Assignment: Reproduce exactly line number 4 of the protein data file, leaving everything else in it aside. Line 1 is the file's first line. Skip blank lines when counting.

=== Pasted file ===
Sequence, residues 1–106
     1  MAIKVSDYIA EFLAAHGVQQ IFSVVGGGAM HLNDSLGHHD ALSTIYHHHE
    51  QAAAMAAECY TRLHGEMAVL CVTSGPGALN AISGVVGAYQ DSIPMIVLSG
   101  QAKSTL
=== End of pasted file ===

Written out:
   101  QAKSTL